Thank you hevans and mongo for your help, I think most of my problems is due to the fact that I really don't know what I'm doing yet, your responses help make me feel less like Bambi on ice.

June 02, 2010
by mongo
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It's a learning curve that is some times difficult to stay on. Sounds like you are well on your way now. Good luck.

June 02, 2010
by kyrre
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Thanks! I have success :-)

Now for the rest of the temperature sensor project! This really rocks!

August 04, 2011
by jholladay
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I also just had an experience with what seems to have been a bad voltage regulator (from the get-go).

First project fired up right away (despite some troubles with the skinny leads on the battery terminal). No heat, no smell, no real trouble, but on multiple restarts it started being kind of flaky. Tested with a battery at 9.35 volts, and got 4.93 volts out of the regulator. The start-up time was varying (seldom instant), and the programmer wouldn't respond to chip erase on the first software load try. Also tried other batteries with varying results, but always flaky.

Cut over to USB (4.99 volts) and all problems went away. Start up seems to be instantaneous. Found an extra 4805 in a radio shack electronics lab I have, measured at exactly 5.00 volts, and when I used that regulator it worked perfectly, just like when on USB.

I'm kind of surprised because I thought that the digital signal would work okay between 4.5 and 5.5 volts, so it seems like 4.93 should be good enough. Any thoughts?

August 05, 2011
by Rick_S
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My main thought would be this.

Most of those regulators have a +/- 5% tolerance on their output. So under a no load condition, and good input power, their output could vary from 4.75 to 5.25 volts and be considered a good device. So 4.93 is totally normal.

9V batteries have a typical max current output between 150 to 180ma (excluding rechargables which can have more current but typically lower voltage at 8.4). As such, it is very easy to draw more current than the battery is capable of supplying if you build the circuit up. Couple this with the extra current required to erase and flash the chip and you will have problems. If the battery isn't at 100%, and even new ones aren't always, you may see erratic issues. This is one reason either USB or an external supply becomes much more user friendly. I would also venture a guess that if you could have seen the voltage of your battery and regulator at the moment in time of the problems you would have see drop outs.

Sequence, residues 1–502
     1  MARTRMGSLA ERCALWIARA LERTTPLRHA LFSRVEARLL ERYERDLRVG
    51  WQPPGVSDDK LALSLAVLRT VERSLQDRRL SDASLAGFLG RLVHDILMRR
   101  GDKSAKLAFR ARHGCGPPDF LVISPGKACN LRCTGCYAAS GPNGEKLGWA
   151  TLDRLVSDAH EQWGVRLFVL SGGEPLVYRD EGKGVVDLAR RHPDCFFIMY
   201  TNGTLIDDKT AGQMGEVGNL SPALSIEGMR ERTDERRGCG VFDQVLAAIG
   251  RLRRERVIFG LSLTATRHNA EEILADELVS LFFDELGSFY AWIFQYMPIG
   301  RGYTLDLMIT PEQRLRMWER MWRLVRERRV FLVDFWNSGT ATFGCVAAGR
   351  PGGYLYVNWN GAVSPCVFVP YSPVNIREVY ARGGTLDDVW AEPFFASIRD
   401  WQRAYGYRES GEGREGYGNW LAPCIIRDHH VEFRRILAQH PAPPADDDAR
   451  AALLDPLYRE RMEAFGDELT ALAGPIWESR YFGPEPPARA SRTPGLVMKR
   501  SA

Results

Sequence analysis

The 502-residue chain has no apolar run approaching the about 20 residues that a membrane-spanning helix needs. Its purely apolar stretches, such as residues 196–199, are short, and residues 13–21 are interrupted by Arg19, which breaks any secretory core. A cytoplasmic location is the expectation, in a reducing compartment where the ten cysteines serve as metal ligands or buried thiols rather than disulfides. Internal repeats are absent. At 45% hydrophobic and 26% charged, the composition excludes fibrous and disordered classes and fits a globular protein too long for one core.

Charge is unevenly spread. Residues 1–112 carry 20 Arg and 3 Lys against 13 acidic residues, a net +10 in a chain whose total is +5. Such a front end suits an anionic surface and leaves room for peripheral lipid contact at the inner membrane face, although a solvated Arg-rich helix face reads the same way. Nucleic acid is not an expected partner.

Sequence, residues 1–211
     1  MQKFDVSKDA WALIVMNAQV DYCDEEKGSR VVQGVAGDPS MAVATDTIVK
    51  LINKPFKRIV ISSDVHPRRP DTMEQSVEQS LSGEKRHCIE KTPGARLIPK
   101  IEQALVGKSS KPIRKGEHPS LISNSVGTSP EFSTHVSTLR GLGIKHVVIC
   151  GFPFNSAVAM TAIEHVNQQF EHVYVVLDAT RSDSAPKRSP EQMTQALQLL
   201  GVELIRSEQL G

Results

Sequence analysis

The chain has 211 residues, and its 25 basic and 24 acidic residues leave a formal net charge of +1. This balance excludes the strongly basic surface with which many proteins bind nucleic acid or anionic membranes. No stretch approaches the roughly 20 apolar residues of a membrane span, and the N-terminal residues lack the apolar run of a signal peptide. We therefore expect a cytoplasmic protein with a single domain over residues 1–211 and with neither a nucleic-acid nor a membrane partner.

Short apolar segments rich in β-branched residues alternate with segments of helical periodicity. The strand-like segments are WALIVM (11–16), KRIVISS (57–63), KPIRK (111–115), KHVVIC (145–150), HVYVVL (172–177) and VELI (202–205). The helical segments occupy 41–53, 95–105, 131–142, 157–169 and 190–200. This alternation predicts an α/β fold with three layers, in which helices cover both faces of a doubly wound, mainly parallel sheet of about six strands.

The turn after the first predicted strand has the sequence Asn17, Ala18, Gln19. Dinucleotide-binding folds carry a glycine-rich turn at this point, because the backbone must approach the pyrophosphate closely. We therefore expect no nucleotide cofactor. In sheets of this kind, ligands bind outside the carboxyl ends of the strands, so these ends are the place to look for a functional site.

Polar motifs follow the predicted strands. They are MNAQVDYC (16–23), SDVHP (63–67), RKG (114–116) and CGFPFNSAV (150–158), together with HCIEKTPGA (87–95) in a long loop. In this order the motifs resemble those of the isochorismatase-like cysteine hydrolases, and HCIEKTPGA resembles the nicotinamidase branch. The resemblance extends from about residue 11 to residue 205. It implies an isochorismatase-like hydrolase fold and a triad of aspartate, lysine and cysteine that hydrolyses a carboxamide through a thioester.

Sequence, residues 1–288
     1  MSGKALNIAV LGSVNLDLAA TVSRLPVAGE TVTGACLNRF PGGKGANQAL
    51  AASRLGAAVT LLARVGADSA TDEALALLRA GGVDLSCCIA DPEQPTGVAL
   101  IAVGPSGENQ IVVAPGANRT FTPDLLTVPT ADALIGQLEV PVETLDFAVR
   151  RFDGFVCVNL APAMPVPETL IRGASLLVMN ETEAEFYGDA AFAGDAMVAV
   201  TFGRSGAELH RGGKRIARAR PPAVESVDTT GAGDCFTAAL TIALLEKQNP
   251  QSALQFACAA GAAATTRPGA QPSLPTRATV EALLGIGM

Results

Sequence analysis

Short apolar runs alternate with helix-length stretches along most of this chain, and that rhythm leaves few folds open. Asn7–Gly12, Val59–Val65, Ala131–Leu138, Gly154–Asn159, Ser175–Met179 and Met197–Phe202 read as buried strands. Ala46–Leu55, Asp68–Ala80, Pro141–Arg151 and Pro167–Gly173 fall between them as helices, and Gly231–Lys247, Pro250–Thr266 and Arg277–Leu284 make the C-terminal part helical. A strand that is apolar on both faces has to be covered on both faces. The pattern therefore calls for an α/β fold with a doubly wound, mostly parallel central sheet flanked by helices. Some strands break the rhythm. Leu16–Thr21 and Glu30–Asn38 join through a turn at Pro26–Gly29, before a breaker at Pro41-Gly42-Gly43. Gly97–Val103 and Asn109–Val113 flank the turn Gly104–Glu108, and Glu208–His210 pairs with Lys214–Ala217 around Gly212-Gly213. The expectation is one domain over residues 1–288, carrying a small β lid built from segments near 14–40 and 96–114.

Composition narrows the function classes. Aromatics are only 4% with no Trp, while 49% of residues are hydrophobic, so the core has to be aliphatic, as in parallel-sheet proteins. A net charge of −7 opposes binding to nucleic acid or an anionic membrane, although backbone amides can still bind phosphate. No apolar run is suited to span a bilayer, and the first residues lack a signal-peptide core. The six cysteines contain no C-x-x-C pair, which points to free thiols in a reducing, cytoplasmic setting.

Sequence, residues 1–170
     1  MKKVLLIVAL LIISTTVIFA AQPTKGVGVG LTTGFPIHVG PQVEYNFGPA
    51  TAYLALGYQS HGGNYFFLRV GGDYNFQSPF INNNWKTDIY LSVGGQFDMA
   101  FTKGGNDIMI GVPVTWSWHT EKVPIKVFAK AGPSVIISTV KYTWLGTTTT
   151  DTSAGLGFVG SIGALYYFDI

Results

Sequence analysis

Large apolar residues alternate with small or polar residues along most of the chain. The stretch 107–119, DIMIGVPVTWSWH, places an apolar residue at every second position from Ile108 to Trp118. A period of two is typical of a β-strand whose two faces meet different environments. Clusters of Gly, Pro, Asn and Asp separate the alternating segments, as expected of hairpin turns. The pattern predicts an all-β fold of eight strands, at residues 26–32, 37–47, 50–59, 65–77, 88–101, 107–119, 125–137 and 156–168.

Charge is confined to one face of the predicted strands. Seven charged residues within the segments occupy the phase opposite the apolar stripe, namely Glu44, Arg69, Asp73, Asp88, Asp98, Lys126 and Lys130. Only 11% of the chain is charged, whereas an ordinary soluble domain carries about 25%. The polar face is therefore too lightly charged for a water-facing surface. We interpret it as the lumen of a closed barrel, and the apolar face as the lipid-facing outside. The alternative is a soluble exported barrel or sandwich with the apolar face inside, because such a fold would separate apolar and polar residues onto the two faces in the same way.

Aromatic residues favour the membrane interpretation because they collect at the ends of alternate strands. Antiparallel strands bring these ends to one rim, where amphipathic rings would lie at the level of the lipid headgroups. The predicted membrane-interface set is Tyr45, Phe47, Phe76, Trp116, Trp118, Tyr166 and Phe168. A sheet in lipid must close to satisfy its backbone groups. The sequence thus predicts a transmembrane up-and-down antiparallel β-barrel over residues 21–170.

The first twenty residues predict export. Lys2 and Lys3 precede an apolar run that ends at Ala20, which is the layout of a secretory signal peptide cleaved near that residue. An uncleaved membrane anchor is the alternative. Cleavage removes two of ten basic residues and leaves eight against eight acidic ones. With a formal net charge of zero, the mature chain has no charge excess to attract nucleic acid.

Just my 2 cents worth...

Rick

August 05, 2011
by jholladay
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Hi, Rick.

Thanks for the reply. I feel like I wish that the very first project wasn't pushing the limits of the contents of the kit. I was hoping that I could wait to experience an issue like this after I get my feet wet and start putting heavier demands on the system. Alas...

Is there an inexpensive tool that can be used to diagnose this sort of thing? Or is trying new batteries, replacing components, etc. the standard approach at this level? Is it just a matter of always assuming that a 9v battery is inadequate for most projects? I know I can just switch power supplies or voltage regulators and move on at this point. But I'd like to think there's a more elegant way of reaching a solid conclusion on what was going on (or just adding a strategic capacitor or something minor and within the spirit of the 9-volt battery project).

Is there a little battery test circuit that I could whip up? I suppose I could google that...

Thanks. Jason

August 06, 2011
by dgikuljot
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@Jholladay To test the battery clip, or any other electrical wire you would do a continuity test. On the multimeter the symbol for this test is like a arrow pointing to the right with a plus sign attatched to it. So once you are on that, attatch one of the multi-meter leads to the terminal on the clip, and the other lead to the wire that terminal is supposed to be connected to. depending on your multi-meter if it has audible continuity test it will beep. Or on the screen if it shows a solid 1 that means there is no conenction and if it shows anythign else that means the connection is good. If you need any clarification ask us, or just google how to do a continuity test.